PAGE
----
"The pilot taxied around the back of the airport. We had no idea where we were going. At this point, we were just along for the ride, into an area where there didn't look like there was anything. But there was this single door, and we taxied over to within maybe 100 feet of that. He shut down the plane, we hopped out, grabbed our bags, followed the pilot over to this small door, he opened the door and we are literally inside the airport. It was the most amazing thing I've ever seen."

Three hours later, my dad was back home in Pennsylvania.

For my dad, this was a great adventure. But for me, it raised a lot of troubling questions. Like the whole clandestine way it went down. No security in Culebra, secret door behind the airport. So I called Nico Melendez from the Transportation Security Administration to find out if all this was legal. Did my dad breach security by hitching a ride in an air taxi? He says, "No."

"Air taxis or those kinds of tools that are used in places like Culebra are very common," Melendez says. "Flying from Culebra to Puerto Rico, everything happened as is normal."

So my dad didn't breach security, because there isn't any security when you ride in an air taxi. That secret door? Just the air taxi's entrance. But here's the real kicker: This isn't just normal in Puerto Rico; it's normal in the United States. It's just that my dad didn't know about it until he went away.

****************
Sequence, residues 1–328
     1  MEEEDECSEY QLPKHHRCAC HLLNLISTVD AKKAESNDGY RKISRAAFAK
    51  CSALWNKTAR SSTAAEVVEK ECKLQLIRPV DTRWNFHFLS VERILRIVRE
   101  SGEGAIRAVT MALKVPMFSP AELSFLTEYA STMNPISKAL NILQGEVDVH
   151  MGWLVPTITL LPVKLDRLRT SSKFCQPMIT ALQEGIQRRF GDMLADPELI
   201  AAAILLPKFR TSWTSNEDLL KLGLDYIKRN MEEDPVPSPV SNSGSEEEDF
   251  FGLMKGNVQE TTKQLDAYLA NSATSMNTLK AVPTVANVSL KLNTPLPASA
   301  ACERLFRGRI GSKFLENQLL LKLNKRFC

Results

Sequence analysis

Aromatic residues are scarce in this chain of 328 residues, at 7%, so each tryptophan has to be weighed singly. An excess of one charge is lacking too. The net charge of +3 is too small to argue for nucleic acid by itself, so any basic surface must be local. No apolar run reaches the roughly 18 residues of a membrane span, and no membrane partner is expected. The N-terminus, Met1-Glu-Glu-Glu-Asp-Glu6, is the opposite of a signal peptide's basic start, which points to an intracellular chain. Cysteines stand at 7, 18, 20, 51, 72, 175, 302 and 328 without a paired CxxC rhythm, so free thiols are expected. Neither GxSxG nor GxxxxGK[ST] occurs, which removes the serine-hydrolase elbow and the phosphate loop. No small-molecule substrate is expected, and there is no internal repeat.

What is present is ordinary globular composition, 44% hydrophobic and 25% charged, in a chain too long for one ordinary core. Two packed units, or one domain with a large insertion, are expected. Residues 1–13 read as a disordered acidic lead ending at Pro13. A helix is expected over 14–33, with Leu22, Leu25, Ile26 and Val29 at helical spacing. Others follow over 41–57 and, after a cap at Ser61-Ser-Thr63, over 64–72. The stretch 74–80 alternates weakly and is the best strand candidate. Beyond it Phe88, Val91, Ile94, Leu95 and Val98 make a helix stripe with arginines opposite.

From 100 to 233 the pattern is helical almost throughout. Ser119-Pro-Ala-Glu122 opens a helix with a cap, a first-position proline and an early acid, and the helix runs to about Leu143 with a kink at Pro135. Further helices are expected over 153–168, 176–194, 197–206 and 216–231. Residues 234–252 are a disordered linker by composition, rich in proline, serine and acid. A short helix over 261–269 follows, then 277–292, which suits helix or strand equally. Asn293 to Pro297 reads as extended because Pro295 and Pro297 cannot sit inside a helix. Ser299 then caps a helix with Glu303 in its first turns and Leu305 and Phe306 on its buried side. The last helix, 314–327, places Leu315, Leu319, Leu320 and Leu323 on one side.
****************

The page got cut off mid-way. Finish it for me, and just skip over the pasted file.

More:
So on your next three-day weekend, if you're headed to St. Louis and get stuck in Chicago, you can, according to my pilot friend, Jeff, just flag down a pilot in another part of the airport.

"You could go to 'Joe's Charter Service,'" he says. "And write them a check, give them your credit card and fly you to your destination."

It'll cost you more than the $150 my dad coughed up, but if you can round up some other people who need a ride, maybe.

  • Music Bridge:
    Untitled Bright Format V2
    Artist: Kiln
    CD: Ampday (Thalassa)


  • Comment | Refresh

  • By chris james

    From cleveland, OH, 08/31/2008

    1 prop Cessna Caravan, turbo prop
    2 prop 9 passenger Britten Norman Islander Aircraft
    3 prop 18 seat Britten Norman Trislander
    according to Air Flamenco and Vieques Air Link

    By patrick cullumber

    From vancouver, WA, 08/30/2008

    Great story except one blaring oversight: What kind of plane was it?? Some of us aviation buffs are dying to know.

    By Michelle Saint-Germain

    From Carlsbad, CA, 08/30/2008

    In 1985 we were stranded by bad weather on Corn Island off Nicaragua. After 10 days of nothing but lobster (they have a packing plant there) we flagged down the pilot of a 3-seater plane who had landed to drop off some scuba divers. The next day he flew us home, informing us he had to fly extra high to avoid the SAM missles of the Contras. Despite the lack of cabin pressure or heat, we were just glad to get a ride home.

    By Raul Duke

    From CA, 08/30/2008

    What kind of plane was this?

    By chris james

    From cleveland, OH, 08/30/2008

    And your point in sharing this supposed
    lack of security with the whole world is what?